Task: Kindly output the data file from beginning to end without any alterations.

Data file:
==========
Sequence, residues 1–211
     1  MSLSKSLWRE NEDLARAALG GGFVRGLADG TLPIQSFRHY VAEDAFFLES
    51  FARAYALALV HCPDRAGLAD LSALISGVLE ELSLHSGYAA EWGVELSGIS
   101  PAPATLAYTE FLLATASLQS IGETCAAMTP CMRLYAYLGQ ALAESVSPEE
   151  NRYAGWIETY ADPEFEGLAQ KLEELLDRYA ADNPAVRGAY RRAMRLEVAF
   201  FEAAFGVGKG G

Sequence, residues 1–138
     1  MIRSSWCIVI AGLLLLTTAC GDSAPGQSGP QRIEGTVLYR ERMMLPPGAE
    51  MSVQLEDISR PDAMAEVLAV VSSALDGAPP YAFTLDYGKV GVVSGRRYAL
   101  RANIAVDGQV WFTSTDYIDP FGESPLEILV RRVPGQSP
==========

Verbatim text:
Sequence, residues 1–211
     1  MSLSKSLWRE NEDLARAALG GGFVRGLADG TLPIQSFRHY VAEDAFFLES
    51  FARAYALALV HCPDRAGLAD LSALISGVLE ELSLHSGYAA EWGVELSGIS
   101  PAPATLAYTE FLLATASLQS IGETCAAMTP CMRLYAYLGQ ALAESVSPEE
   151  NRYAGWIETY ADPEFEGLAQ KLEELLDRYA ADNPAVRGAY RRAMRLEVAF
   201  FEAAFGVGKG G

Sequence, residues 1–138
     1  MIRSSWCIVI AGLLLLTTAC GDSAPGQSGP QRIEGTVLYR ERMMLPPGAE
    51  MSVQLEDISR PDAMAEVLAV VSSALDGAPP YAFTLDYGKV GVVSGRRYAL
   101  RANIAVDGQV WFTSTDYIDP FGESPLEILV RRVPGQSP